With Cassini's findings — and discoveries by the Phoenix Mars lander, the Mars Global Surveyor and the Mars Reconnaissance Orbiter, which spotted signs of transient liquid water on the present-day Red Planet — a more rigorous set of guidelines governing planetary protection was issued by the international Committee on Space Research (COSPAR) in 2009. COSPAR is empowered by Article IX of the United Nations Outer Space Treaty. These rules placed Enceladus, along with Mars and Jupiter's moon Europa, squarely on the list of bodies upon which biologic contamination should not be allowed. Each of those worlds was deemed to be a place where "contamination carried by a spacecraft could jeopardize future exploration." Each had natural processes by which "bugs" arriving on landers — or crashers — could find their way to habitats where microbes could survive and reproduce.
As if to seal the case, in early 2017, Cassini discovered silica grains and hydrogen gas in the ice plumes above Enceladus, indicating there must be hydrothermal vents on the floor of the subsurface ocean. Such vents on Earth have proved to be oases for life, dispensing heat, nutrient chemicals and mixing currents. These "black smokers" and "white smokers" support rich communities of organisms, almost completely isolated from others by many miles of barren ocean.
The warm way down
Certain parts of Cassini's internal plumbing and other systems are purposely kept warm; hitchhiking bacteria could have remained protected from extremely low temperatures. There is strong evidence that some bacteria can survive strong ultraviolet light from the sun and other space radiation. (A well-known claim, dating from the 1969 Apollo 12 mission, that Earth bacteria could return to life after more than two and a half years on the harsh moon turns out to be almost impossible to replicate due to the laboratory practices the scientists employed at the time.)
Cassini gets its electrical power from three radioisotope thermal electric generators (RTGs), which translate the heat of decaying plutonium dioxide. These RTGs are hot and heavy. RTGs can't be cooled except by their own radioactive decay; plutonium-238 has a half-life of nearly 88 years. If the craft were to crash on the surface of a cold moon like Enceladus, the RTGs could easily thaw a path through tens of kilometers of ice, and plop down into the liquid water ocean beneath, though this might take a long time.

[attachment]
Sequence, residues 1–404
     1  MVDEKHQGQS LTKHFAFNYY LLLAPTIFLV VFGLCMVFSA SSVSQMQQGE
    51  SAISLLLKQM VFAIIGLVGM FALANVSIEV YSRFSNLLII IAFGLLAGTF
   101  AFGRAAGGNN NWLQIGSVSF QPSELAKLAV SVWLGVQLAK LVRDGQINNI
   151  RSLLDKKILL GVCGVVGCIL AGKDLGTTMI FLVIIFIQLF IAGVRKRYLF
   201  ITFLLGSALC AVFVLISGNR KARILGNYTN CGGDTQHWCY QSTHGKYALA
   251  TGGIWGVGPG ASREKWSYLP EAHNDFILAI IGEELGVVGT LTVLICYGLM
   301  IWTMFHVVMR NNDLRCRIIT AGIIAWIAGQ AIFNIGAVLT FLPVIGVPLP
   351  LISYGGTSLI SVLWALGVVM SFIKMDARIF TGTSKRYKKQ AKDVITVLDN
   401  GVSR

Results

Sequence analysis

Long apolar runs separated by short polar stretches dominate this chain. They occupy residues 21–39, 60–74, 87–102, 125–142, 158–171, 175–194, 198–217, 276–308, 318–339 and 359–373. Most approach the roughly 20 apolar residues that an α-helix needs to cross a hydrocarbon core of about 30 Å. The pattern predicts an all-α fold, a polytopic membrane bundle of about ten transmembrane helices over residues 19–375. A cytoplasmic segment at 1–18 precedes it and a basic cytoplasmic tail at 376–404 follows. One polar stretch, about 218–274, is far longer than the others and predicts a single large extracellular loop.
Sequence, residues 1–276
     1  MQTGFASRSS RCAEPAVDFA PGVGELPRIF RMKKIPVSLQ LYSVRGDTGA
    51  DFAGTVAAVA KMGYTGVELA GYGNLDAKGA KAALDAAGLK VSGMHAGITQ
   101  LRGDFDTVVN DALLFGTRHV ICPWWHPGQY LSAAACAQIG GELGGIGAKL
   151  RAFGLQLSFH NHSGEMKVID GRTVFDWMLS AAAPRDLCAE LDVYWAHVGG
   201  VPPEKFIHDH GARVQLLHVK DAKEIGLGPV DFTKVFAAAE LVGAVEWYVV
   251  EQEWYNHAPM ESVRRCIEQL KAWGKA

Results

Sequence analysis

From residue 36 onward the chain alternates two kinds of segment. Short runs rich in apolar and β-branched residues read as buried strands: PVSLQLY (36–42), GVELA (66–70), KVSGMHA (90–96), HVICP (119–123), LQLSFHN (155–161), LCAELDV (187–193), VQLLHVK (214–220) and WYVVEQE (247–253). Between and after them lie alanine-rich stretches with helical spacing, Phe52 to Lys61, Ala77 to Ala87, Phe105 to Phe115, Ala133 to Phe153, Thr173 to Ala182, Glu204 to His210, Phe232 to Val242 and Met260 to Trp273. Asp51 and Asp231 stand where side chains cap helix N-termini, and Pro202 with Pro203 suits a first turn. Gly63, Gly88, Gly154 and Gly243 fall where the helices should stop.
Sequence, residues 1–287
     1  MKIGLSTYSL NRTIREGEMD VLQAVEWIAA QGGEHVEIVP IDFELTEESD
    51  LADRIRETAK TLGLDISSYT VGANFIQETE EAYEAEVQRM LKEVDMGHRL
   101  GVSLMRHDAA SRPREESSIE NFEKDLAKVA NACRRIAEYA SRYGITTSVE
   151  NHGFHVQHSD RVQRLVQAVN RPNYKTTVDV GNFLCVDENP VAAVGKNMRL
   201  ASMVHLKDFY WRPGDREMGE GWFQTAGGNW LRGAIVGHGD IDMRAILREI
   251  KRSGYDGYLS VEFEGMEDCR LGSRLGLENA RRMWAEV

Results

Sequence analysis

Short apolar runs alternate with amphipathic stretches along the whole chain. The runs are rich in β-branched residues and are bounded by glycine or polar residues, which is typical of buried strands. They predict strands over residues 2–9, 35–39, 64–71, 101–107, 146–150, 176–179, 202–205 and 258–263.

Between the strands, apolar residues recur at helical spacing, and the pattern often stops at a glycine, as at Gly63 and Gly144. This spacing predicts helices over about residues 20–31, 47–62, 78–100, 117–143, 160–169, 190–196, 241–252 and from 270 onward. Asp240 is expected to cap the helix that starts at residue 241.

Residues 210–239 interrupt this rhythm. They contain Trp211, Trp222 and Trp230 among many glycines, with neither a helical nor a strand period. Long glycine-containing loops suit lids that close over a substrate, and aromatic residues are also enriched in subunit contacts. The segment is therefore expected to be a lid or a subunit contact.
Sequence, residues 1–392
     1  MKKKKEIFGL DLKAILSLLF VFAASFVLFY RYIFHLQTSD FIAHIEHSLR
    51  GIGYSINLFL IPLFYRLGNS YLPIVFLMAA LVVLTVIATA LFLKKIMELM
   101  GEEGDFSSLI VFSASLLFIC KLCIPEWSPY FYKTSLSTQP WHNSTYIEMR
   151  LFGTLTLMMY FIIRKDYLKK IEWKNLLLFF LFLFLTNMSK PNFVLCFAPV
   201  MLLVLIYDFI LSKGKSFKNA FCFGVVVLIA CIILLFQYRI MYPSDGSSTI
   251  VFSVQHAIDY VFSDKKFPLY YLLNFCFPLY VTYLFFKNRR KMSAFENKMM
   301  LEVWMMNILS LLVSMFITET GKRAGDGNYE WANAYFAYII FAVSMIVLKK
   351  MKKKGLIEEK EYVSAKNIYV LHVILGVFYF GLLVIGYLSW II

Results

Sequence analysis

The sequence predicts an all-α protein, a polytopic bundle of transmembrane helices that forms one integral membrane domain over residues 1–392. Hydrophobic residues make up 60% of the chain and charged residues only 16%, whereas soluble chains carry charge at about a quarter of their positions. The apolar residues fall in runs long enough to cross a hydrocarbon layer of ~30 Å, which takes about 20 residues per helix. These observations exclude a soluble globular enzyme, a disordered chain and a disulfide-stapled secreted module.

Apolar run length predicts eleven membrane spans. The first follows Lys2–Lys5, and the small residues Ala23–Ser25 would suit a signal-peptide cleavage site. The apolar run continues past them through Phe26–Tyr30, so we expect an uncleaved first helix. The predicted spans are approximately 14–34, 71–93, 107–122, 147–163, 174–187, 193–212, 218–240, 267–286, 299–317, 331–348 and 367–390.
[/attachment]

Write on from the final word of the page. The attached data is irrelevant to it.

Best of intentions
Space agencies hire microbiologists to keep records and samples of bacteria that can survive in clean rooms where spacecraft are assembled. The idea is to carefully limit — and specifically list — the species that could sneak aboard. If life is found in space, it must be checked against this gang of usual suspects before it can be declared as extraterrestrial.
There is also the chance that stringent spacecraft sterilization could actually be encouraging the evolution of microbes that are hardier and more resistant to the hard vacuum, wide temperature swings and harsh radiation conditions of space. It is remotely possible that, in the name of planetary protection, we are making the effects of cross-contamination worse.
For a deeper look into all that Cassini found in its 13 years in the Saturn system, watch "Kingdom of Saturn – Cassini's Epic Quest (opens in new tab)," a 73-minute documentary available on Amazon Xive-TV.
The author, @DavidSkyBrody, is the writer and director of "Kingdom of Saturn – Cassini's Epic Quest (opens in new tab)," a documentary that look back at the mission available at Amazon Xive-TV. Brody was formerly executive producer at Purch, the parent company of Space.com and LiveScience.com.